PWF Featured in Tyler Morning Telegraph

Steve Knight interviewed Private Water Fishing President Steve Alexander for a feature about PWF as an alternative to big boat ownership:  "Water Water Everywhere"


Water Water Everywhere: Organization offers fishermen a chance to fish private lakes in Texas

Steve Knight


Feb 16, 2024



Private Water Fishing
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Private Water Fishing offers fishermen a chance to fish private lakes around Texas, with many in the Northeast Texas area. One of those, Hat and Star Ranch near Gilmer, produced this 11-10 last spring.

Private Water Fishing/Courtesy

The dream of every fisherman is to someday own a stylish bass boat to pull behind a nice truck.

The reality is with new boat prices starting about $60,000 and going up to more than $100,000 with accessories, many are left on the bank as their dream floats by.

There is a Plan B, Private Water Fishing, and it is especially a good option for East Texas fishermen.

“I have had it now for 14 years, but the club has been around for 27 years,” explained Steve Alexander, PWF president.

PWF offers fishermen access to more than 100 privately owned lakes in Texas and Oklahoma, with about two-thirds in East and North Texas.

“Tyler is in the heart of some of the best lakes,” Alexander said.

The organization has lakes ranging in size from about 10 to 150 acres. It offers fishermen a chance to fish lakes not feeling the pressure of public waters.

“We exist for two reasons, for fishermen that may not have pro skills and the solitude of having a place to yourself. We say that we offer one lake, one day, totally private,” Alexander explained.

“Most of our lakes are in the 20-30 acre size. That is what we like, but we have one in Laneville that is almost 70 acres, one in Cleburne that is 50 acres and we are about to open one in Daingerfield that is 50 acres,” he added.

Private Water Fishing requires fishermen to pay an annual membership along with a day-use fee that varies depending on the lake. The lowest day fee is $70 and the highest is $275, with the majority ranging from $110 to $130. The price is based on the management effort by the lake owner.

“That is how the landowner gets compensated,” Alexander said.

The fee covers fishing from daylight to dark for a single party, but fishermen can also book half-day trips for three-quarters of the day rate. Youth 12 and under fish free and 13 to 17 fish for half price.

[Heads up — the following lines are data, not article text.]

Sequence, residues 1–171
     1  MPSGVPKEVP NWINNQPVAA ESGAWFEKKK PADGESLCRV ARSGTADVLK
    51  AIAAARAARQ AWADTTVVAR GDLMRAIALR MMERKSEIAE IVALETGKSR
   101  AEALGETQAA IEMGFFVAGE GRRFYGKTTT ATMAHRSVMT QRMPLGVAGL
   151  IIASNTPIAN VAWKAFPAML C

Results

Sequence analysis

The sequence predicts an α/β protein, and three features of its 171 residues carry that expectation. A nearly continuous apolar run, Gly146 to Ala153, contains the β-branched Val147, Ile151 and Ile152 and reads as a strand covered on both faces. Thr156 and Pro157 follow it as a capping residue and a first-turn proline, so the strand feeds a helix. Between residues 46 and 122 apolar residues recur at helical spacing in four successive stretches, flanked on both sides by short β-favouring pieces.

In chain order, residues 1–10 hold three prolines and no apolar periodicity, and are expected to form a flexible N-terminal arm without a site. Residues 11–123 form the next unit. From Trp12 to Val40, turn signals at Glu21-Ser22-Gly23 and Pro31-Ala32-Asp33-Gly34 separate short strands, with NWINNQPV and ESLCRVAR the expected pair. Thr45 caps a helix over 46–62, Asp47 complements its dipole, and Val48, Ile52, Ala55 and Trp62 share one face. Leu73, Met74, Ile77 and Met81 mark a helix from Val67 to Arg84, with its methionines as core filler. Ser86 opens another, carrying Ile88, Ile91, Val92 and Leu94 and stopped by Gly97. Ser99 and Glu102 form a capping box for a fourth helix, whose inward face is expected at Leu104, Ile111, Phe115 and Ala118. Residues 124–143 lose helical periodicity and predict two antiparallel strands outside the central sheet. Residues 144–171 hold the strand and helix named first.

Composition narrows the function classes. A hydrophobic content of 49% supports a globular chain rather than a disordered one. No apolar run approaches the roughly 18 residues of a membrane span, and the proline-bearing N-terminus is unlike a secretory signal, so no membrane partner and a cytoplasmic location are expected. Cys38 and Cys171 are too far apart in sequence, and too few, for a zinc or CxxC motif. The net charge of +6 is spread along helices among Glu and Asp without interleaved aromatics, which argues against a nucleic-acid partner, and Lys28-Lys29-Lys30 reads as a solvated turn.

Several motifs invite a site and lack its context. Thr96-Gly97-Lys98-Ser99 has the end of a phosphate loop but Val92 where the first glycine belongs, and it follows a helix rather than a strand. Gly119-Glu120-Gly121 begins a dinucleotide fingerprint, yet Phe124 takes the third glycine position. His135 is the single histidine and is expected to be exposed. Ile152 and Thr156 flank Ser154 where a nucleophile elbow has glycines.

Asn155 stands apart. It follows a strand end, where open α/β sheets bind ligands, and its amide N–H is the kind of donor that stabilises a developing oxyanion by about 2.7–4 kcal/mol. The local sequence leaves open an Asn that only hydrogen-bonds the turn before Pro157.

Fishermen are required to bring their own tackle. In most cases the lakes have a jon boat available, but fishermen must bring their own trolling motor and battery.


Some of the lakes have smaller bass boats with foot-controlled trolling motors that fishermen may use, while some have ramps that will accommodate a 17-foot boat while others are good enough to launch a full-sized bass boat.

In all cases fishermen can bring their own kayak to fish from.

Alexander said along with traditional tackle fishing about 10% of the membership is fly fishermen, and that number is growing.

The primary focus of all the lakes is bass. In some cases, fishermen are allowed to keep bass under either 14 or 16 inches depending on the management plan. Harvest is a big component in fisheries management and fishermen are encouraged to keep fish until the annual harvest quota is met. It is so important that PWF offers $5 off a fisherman’s next trip if they will keep and report their catch on a harvest log maintained at each lake.

But not all the lakes are managed strictly as trophy fisheries.

“It is like chocolate, vanilla and strawberry. Some are for numbers and some are quality, 7-, 8-, 9-pounds or bigger. Some owners are spending more money on forage and other things for quality, and others are numbers lake where you can take a kid and go catch 50 1-pound bass,” Alexander said.

For those who like variety about half the lakes also have crappie and catfish, and there is no size or harvest limit on those.

Alexander said the majority of members are between 40 and 60 years old. They go on an average of 4½ trips per year, with some going as many as 50 or 60 times.

The biggest demand for the top quality lakes comes on the weekends during the spawning period, but in most cases a lake can be booked within 48 or 72 hours of use. To keep from over-fishing, trips to any lake are limited to 10 per month with back-to-back trips only allowed during early spring.

The organization has also reduced pressure by adding 40 lakes in the last three years with several more coming this year. Among those being added this spring is a property near Fairfield with a 60-acre and two 35-acre lakes.

For those wanting to travel to try new waters there are also lakes in the Hill Country near Austin and San Antonio and in the Houston area.

For more information go online to or call 214-871-0044.